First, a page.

High turnover rates, stagnant wages plague workers who serve people with disabilities.
A typical day for Megan Arthaud starts at 6 a.m.
Arthaud and the other direct support workers at a south Bismarck group home for people with intellectual disabilities start their day by helping residents with their basic care needs. This includes getting the residents out of bed, to the bathroom, helping them brush their teeth, comb their hair and preparing breakfast.
Most of the residents have wheelchairs, so many of these tasks require a lift to get them in and out of the chair.
For direct support workers, the work is challenging, yet rewarding. At Arthaud’s group home, which is owned by Enable Inc., the residents and employees have become a family.
But for organizations that provide services to people with intellectual disabilities, including Enable Inc., recruiting and retaining direct support workers has been an ongoing challenge. Scant wages have led to high turnover rates. In North Dakota, the turnover rate for direct support workers currently sits at about 44 percent.
Yet thousands of North Dakotans with disabilities rely on direct support so they can stay in their communities and outside of institutionalized settings.
State lawmakers are considering whether to give these employees a wage increase. Over the past four years, wages for direct support workers have remained stagnant due to state budget cuts. Providers say this may have caused an increase in employee turnover and forced some direct support workers to find second, sometimes, third jobs.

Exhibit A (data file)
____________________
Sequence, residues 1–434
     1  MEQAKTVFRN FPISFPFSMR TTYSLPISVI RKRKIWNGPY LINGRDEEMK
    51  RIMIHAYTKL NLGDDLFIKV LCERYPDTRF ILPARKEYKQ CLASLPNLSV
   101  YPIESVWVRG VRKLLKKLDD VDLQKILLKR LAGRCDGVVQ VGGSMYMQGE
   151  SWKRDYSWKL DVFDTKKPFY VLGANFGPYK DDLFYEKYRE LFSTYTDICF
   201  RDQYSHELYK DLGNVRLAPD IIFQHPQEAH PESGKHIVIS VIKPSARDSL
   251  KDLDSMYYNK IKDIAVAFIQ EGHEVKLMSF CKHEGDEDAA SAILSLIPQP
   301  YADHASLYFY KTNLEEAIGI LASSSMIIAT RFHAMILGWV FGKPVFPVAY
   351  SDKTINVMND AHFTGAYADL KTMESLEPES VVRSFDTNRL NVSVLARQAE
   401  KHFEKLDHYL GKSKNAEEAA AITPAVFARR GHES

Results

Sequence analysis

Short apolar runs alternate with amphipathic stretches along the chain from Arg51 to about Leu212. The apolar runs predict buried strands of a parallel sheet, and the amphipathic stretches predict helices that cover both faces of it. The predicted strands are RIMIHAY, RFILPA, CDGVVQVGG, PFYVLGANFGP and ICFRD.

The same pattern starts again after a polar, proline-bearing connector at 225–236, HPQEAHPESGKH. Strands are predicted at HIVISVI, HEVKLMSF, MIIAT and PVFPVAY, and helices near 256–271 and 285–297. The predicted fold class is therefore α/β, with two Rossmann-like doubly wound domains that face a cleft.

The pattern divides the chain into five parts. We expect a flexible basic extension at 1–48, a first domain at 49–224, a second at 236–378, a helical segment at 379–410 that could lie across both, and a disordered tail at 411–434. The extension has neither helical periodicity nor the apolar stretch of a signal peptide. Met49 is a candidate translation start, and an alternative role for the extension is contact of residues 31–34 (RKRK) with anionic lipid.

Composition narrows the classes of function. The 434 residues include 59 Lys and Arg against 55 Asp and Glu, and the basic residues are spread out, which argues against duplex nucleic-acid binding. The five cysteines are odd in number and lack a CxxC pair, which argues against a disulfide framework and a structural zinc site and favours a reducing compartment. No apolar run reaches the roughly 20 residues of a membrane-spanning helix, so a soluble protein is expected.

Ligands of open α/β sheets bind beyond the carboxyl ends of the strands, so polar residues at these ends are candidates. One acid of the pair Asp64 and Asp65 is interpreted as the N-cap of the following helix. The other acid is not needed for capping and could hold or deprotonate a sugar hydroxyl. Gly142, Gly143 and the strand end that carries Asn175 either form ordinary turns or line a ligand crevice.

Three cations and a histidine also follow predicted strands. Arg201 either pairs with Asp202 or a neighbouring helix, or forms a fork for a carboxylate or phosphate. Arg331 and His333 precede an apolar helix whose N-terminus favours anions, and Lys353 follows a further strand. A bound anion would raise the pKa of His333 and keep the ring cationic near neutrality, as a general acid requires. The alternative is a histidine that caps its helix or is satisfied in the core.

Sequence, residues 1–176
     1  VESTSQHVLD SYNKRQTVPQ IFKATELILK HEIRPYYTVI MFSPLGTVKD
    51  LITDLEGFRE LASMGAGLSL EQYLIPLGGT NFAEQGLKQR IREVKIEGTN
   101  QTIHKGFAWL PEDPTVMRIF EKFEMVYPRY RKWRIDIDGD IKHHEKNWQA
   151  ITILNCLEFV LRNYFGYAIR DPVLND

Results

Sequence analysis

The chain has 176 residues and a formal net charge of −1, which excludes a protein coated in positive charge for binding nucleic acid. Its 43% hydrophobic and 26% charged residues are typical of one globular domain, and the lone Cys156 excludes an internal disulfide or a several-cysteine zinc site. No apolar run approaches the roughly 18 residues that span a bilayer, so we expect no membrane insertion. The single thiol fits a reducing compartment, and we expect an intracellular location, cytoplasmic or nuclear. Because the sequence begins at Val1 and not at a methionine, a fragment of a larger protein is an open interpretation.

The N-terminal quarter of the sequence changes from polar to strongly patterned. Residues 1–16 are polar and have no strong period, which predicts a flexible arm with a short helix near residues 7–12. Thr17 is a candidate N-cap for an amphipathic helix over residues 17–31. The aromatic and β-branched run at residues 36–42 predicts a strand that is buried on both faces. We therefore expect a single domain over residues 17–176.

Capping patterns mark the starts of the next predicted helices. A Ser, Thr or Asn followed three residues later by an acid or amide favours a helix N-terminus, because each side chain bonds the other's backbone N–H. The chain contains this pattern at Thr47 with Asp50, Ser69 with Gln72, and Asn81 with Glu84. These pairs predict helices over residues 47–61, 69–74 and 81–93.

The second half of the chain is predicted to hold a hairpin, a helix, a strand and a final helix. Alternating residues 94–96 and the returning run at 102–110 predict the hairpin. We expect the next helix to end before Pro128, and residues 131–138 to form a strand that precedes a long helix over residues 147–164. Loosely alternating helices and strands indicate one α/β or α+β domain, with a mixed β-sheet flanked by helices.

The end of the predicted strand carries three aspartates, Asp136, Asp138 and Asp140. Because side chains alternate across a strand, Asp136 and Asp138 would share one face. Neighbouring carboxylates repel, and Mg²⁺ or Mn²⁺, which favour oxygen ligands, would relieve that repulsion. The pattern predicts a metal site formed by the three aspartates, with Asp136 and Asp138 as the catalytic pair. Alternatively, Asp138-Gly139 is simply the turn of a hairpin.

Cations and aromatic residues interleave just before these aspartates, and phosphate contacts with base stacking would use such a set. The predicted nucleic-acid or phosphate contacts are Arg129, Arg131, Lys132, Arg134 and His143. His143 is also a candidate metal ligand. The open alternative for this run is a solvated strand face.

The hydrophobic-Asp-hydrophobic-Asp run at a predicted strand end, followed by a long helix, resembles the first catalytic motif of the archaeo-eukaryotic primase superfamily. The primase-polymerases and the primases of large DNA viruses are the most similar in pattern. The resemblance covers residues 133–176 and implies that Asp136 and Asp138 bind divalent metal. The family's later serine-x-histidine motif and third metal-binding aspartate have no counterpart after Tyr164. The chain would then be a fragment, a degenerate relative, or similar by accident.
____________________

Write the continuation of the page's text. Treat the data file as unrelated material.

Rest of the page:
Gov. Doug Burgum’s budget proposal includes a 1 percent inflationary increase each year of the next two-year budget cycle for community providers, but providers are seeking a 3 percent increase for each year of the biennium to “catch up,” or remedy flat funding, according to Bruce Murry, executive director of the North Dakota Association of Community Providers.
Without a 3 percent increase, Murry worries that providers could see even higher employee turnover rates and quality of services for people with disabilities could be adversely affected.
Historically, the state Legislature has provided inflationary increases to providers. For fiscal year 2009, the turnover rate for direct support workers in North Dakota was 43 percent, but, over the 2009-11 biennium, the rate decreased to 33 percent when the Legislature gave inflationary increases to providers.
But, due to recent budget cuts, providers haven’t seen an inflationary increase since July 1, 2015, according to Jon Larson, executive director of Enable, Inc.
“We’re seeing the (turnover) trend go upward again, and we’re thinking that’s a correlation to, basically, our stagnant wages,” Larson said.